Flashcards in Questions Deck (29)
What interests you about UEA?
Curriculum: Early clinical contact with patients from the first month of the course. Improve communication skills with real patients. Consultation skills tutorials complement this. PBL for small group learning.
Campus: Amazing campus, one of the biggest sports facilities at a UK university.
Research: Clinical medicine, musculoskeletal science, medical microbiology, cardiovascular medicine and prostate cancer
Opportunities: Over 200 societies. Football, music. Elective after year 4.
City: Really nice city, looked round on an open day and loved it.
What do you know about the PBL here at UEA?
As far as I'm aware, PBL involves small groups of students working through a case and you have to come up with your own objectives. You then go away and research a topic related to the case and present what you have learnt to your group. PBL allows you to learn the science via realistic scenarios. Also the diagnostic stage in which you pick out salient information from the case as a group is similar to how a multidisciplinary team works on ward rounds.
Why do you want to be a doctor?
Interest in human biology in medicine:
What have you read in order to prepare you for medicine?
I read Do No Harm by Henry Marsh, which was all about his experiences as a neurosurgeon, both the great successes and the unfortunate failures and the severe effects mistakes have on the patients.
Why do you want to be a doctor rather than any other healthcare professional?
A career as a doctor involves quite a lot of problem solving and decision making, which are things I enjoy. I have done a lot of problem solving in maths A level, and although this is different to that in a medical career, the rewarding feeling when you find a solution will I expect be very similar. Also, medicine is a very broad field and so doing a degree in medicine keeps my options open, as there is a wide variety of high level options. In my work experience at Tunbridge wells hospital, I observed an echocardiogram and noticed how the doctor applied her scientific knowledge to reading the echocardiogram whilst also caring for the comfort of her patient, and it's the combination of science and care that I am attracted by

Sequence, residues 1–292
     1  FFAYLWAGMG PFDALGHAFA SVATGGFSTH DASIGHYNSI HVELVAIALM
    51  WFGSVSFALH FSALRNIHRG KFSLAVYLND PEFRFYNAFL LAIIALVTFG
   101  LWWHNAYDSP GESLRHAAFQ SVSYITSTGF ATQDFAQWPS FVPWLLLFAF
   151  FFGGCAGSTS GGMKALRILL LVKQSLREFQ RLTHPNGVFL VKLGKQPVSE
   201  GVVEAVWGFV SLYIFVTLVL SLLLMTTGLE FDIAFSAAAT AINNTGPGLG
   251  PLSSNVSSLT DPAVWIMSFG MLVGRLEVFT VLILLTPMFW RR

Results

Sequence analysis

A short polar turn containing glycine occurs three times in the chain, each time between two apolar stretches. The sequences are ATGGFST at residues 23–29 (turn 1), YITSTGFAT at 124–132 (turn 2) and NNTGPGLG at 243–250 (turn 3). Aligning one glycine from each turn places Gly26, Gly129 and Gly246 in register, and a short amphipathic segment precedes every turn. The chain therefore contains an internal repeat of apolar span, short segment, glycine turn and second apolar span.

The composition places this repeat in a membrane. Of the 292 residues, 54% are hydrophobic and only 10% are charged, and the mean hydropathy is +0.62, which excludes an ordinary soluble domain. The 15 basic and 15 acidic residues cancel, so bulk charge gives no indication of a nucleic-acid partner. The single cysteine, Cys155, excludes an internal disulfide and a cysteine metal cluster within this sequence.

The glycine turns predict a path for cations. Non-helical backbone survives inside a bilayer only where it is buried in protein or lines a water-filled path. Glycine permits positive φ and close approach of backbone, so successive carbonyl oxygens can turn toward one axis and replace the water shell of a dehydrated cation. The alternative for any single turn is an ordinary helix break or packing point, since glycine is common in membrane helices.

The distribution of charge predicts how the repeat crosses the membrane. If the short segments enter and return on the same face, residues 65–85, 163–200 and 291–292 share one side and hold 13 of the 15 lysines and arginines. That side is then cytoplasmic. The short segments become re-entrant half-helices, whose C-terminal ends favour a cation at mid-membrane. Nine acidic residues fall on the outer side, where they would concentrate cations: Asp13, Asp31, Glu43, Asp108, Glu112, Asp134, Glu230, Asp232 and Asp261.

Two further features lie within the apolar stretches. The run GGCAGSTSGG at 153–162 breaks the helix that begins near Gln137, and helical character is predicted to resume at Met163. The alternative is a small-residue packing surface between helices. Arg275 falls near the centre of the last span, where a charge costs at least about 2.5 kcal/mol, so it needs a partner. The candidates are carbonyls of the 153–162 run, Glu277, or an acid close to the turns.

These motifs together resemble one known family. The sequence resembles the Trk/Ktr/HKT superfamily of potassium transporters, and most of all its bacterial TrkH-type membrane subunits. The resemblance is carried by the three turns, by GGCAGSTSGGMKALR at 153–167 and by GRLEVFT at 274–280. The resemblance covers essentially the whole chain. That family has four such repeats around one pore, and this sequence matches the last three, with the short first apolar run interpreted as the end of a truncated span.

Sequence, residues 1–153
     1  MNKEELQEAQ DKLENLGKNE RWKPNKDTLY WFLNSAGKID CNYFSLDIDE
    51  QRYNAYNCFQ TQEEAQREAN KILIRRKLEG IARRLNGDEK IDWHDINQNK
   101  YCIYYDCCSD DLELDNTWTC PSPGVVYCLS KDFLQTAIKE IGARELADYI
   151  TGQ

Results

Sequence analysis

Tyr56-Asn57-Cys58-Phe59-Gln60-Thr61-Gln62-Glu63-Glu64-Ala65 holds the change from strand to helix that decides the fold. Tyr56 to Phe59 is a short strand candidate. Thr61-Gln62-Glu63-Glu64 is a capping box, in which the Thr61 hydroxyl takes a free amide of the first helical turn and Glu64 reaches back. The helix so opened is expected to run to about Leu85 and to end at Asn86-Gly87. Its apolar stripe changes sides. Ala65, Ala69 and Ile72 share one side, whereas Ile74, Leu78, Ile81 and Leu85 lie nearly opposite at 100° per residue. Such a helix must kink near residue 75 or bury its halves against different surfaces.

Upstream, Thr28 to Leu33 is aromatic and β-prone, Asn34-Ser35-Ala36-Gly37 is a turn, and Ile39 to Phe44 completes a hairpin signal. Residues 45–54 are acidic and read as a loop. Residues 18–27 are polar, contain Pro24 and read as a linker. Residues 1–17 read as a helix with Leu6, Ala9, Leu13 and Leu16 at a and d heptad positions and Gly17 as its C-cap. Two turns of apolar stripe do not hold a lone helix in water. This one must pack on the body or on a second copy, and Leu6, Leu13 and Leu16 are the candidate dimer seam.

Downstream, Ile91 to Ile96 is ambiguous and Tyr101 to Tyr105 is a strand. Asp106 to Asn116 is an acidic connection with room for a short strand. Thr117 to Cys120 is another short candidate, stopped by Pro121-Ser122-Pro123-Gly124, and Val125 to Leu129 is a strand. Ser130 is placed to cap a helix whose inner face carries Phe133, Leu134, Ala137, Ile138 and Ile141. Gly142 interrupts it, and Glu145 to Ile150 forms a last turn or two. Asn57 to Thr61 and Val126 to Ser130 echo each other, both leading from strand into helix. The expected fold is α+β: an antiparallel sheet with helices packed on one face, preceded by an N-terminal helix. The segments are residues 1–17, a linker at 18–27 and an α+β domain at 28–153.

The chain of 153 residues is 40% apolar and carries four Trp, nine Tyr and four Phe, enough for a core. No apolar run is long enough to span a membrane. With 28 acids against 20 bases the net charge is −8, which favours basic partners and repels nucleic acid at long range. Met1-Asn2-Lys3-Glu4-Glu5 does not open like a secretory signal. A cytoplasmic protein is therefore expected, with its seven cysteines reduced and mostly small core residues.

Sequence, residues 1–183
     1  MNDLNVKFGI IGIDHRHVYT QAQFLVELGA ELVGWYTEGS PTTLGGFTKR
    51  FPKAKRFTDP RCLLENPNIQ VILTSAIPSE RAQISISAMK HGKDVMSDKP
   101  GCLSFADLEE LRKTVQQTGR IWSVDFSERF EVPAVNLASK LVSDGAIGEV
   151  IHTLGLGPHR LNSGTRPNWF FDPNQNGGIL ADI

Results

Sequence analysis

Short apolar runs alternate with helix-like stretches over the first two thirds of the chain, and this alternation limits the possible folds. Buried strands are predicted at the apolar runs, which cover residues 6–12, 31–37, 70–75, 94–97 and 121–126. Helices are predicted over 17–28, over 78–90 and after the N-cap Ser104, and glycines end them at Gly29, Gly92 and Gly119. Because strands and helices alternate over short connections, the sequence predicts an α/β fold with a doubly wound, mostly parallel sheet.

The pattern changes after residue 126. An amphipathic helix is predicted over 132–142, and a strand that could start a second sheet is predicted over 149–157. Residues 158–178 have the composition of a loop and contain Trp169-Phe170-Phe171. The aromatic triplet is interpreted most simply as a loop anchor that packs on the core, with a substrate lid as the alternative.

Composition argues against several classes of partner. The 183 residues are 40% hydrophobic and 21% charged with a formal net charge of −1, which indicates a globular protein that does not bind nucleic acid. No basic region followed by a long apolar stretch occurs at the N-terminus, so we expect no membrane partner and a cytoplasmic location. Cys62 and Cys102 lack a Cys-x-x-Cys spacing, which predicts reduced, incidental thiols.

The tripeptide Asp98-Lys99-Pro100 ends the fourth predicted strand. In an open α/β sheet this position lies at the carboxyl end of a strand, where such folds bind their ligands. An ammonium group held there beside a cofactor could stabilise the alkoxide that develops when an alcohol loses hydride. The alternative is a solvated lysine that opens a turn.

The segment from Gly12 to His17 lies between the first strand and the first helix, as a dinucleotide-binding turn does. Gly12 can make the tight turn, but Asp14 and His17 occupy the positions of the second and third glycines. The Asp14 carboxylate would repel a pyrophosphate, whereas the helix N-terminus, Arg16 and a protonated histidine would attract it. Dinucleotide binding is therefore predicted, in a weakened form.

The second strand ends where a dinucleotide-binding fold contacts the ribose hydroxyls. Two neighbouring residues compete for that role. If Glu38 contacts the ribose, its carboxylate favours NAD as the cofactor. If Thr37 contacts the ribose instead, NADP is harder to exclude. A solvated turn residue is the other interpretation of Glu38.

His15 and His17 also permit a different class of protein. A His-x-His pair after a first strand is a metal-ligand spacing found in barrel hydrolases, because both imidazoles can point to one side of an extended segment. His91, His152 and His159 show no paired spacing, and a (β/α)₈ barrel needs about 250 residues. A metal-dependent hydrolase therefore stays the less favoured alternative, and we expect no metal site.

What do you look forward to most and least about being a doctor?
Being in such a privileged position that patients trust you enough to tell you things they may not share with anyone else, and then being able to help them and solve their problems.
What I look forward to least is having to give patients and relatives bad news, for example when there is nothing that can be done for a patient.
Tell us about Hippocrates
Hippocrates was a Greek philosopher and physician referred to as the 'father of medicine'. He argued for a rational approach to medical treatment based on close observations of patients. The Hippocratic oath is about the passing of knowledge on to future generations of medics and respecting patients and treating them to the best of their ability.
Can you tell me about a significant recent advance in medicine and why it interests you?
What do you consider to be important advances in medicine in the last 100 years?
Tell me about some significant medical stories in the news recently
Tell us about something in the history of medicine that interests you
Tell me about your EPQ
For my EPQ dissertation I looked into the case of Charlie Gard and questioned whether the doctors at Great Ormond Street Hospital were right to deny Charlie experimental treatment based on the law and the ethical guidelines of the GMC. I also looked into the biology behind Charlie's disease, an encephalopathy form of RRM2B related Mitochondrial DNA Depletion Syndrome, and the experimental treatment proposed by Dr Michio Hirano in America.I concluded that measured against the legal and ethical guidelines, the doctors did the right thing. They always did their best to act in Charlie Gard's best interest and abide by the ethical pillar of nonmaleficence by not experimenting on Charlie. When they failed to reach an agreement with Charlie's parents that Charlie should be taken off life support rather than gambling with experimental treatment, they rightly took the case to court, where judges agreed with their decision.